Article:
Regional Reviews: Seattle
Wine in the Wilderness at ACT Theatre
Also see David's reviews of The Last Sunday in June and Our Mighty Men
Set in 1964 Harlem in the aftermath of a race riot, Wine explores the differences within the African American community with honesty, if little urgency, as a suburbs-raised, self-impressed artist named Bill is embarking on the last of his triptych of paintings. His friends Cynthia and Sonny-Man bring him a model for this portrait of the degraded African American female, the other two portraits being a winsome child and a veritable African goddess who is the titular image of wine in the wilderness. His subject Tommy (short for Tomorrow) is street smart and sassy, yet kind and vulnerable. She honors a salty older neighborhood denizen known only as Oldtimer by getting him to tell his given name, and insists on addressing him with it. Left alone, the honest and direct Tommy and the pompous, civil rights spouting Bill, find a deeper connection emotionally and physically, before paint touches the canvas. The next morning Oldtimer innocently reveals to Tommy what she is to model for, and she confronts Bill and the others with her earnest indignation. The play culminates in the justly humbled Bill painting an altogether different work than he first had in mind.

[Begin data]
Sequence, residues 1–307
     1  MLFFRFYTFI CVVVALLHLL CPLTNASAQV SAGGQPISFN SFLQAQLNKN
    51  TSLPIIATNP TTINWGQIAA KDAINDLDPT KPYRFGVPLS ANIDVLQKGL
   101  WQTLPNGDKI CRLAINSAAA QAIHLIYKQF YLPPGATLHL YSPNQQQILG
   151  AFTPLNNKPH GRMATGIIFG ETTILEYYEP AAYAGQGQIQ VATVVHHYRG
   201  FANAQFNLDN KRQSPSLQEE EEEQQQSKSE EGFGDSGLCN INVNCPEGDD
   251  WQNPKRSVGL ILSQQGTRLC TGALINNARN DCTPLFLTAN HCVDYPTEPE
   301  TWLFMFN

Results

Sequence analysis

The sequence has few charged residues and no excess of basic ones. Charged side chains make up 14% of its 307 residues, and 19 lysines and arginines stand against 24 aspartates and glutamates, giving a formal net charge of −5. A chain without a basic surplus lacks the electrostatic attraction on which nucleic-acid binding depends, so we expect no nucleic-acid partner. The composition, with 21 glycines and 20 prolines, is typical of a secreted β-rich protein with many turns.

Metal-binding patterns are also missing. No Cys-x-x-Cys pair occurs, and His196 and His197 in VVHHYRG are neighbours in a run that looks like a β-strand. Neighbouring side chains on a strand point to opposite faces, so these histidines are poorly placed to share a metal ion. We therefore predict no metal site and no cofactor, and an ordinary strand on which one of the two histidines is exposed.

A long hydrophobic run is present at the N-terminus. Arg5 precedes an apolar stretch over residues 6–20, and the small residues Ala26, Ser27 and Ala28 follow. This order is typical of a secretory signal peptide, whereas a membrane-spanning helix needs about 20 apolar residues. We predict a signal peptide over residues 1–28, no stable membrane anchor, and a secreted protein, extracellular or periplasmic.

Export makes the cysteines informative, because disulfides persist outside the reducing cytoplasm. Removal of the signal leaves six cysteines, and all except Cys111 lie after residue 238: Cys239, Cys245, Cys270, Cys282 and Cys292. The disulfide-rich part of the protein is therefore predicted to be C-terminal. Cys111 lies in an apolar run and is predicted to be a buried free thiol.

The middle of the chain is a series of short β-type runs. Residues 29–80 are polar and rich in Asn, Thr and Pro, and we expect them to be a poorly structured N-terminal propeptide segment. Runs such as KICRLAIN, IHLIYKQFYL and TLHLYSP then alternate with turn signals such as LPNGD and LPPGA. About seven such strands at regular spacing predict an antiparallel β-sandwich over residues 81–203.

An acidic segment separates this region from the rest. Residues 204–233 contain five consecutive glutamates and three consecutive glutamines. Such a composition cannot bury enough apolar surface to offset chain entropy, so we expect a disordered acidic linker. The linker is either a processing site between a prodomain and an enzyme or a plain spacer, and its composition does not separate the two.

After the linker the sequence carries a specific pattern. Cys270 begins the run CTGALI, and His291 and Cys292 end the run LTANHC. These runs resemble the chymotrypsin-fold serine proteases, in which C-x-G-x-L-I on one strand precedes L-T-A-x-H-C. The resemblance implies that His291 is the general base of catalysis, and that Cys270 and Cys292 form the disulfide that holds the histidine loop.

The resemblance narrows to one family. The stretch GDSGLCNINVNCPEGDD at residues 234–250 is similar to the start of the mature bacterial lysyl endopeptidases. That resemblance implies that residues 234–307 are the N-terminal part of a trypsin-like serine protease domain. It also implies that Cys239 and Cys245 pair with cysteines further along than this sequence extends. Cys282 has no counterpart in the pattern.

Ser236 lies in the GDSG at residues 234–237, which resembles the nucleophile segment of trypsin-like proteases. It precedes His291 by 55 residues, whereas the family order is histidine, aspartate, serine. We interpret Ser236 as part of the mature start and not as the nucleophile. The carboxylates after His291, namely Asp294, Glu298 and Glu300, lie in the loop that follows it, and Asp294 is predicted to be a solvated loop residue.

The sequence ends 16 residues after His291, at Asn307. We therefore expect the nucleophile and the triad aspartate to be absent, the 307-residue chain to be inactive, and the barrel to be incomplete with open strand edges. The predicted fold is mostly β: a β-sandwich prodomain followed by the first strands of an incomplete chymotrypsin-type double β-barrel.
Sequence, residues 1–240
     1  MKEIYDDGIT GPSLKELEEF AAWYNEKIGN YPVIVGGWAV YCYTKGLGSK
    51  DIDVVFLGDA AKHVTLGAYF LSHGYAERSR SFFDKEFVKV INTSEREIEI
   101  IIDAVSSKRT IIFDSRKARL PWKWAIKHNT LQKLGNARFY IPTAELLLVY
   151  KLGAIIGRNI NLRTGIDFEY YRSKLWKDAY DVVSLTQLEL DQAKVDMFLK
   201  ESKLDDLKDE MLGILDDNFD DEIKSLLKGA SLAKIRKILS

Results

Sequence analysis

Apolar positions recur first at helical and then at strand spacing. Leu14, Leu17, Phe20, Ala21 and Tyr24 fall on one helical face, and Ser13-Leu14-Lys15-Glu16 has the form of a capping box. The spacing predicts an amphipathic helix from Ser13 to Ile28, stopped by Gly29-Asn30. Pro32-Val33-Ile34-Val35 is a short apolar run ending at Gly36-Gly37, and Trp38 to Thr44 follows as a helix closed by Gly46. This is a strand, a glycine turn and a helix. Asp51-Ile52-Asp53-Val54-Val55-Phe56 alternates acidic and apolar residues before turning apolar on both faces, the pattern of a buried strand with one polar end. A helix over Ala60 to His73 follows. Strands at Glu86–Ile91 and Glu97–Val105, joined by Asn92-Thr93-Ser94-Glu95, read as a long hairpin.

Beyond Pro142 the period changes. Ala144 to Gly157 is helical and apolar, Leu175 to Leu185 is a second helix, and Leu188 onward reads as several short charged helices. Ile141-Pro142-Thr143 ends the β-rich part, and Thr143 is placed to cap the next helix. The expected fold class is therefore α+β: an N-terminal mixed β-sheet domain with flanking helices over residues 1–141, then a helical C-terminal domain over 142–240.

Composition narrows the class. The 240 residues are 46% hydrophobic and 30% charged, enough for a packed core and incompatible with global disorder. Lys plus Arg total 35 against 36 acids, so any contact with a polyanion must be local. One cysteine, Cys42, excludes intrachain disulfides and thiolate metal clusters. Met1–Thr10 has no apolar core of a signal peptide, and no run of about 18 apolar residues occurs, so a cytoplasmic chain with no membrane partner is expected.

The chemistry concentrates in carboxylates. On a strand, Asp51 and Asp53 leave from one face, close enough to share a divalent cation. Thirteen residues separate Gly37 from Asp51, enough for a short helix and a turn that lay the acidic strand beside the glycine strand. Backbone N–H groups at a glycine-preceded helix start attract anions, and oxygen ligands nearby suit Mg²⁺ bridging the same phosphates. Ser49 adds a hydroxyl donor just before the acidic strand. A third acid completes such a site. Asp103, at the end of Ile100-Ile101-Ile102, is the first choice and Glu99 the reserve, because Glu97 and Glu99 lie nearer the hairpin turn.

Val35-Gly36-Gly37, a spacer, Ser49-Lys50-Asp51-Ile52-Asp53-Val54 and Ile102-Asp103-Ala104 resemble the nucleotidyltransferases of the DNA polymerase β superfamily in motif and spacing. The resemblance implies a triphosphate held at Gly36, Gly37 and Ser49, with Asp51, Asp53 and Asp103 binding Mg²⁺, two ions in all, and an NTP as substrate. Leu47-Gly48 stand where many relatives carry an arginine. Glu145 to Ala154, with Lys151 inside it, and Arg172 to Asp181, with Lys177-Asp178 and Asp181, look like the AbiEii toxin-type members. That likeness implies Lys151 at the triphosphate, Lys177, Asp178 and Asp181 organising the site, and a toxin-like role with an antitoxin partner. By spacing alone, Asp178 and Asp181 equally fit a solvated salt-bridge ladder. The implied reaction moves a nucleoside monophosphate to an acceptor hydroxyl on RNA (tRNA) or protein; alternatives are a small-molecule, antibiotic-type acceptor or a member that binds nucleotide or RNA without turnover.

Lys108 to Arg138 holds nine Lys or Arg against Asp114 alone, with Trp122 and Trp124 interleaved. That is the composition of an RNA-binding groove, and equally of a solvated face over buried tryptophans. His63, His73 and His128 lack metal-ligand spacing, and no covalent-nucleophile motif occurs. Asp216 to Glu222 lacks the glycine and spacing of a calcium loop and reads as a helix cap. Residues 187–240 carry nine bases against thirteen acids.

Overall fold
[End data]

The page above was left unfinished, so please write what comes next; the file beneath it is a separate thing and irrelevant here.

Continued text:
Director Valerie Curtis-Newton paces the 75-minute, intermissionless play almost too breathlessly for Childress' words to have the impact they should. Her casting is a mixed bag, but the glory of the production is, as it should be, April Yvette Thompson's warm, spunky and wise performance as the unpretentious Tommy. Unfortunately, Shanga Parker's performance as Bill is almost as hollow and stilted as the character he plays. William Hall, Jr. is totally at home as the downtrodden yet appealing Oldtimer, and the scene in which he revels in being asked his real name is a study in how well an actor can convey the depths of his emotions by just the expressions on his place. Anthony Leroy Fuller and Lakeetra Knowles are unable to bring much to the brief, sketchily observed roles of Sonny-Man and Cynthia.
Matthew Smucker's set design for Bill's art strewn apartment is well wrought, with a nuanced lighting design by Kathy A. Perkins. The costumes by Melanie Taylor Burgess inhabit rather than comment on the time period of the play.
Wine in the Wilderness runs through July 9 at ACT Theatre, 700 Union Street. For more information, visit www.acttheatre.org.
- David-Edward Hughes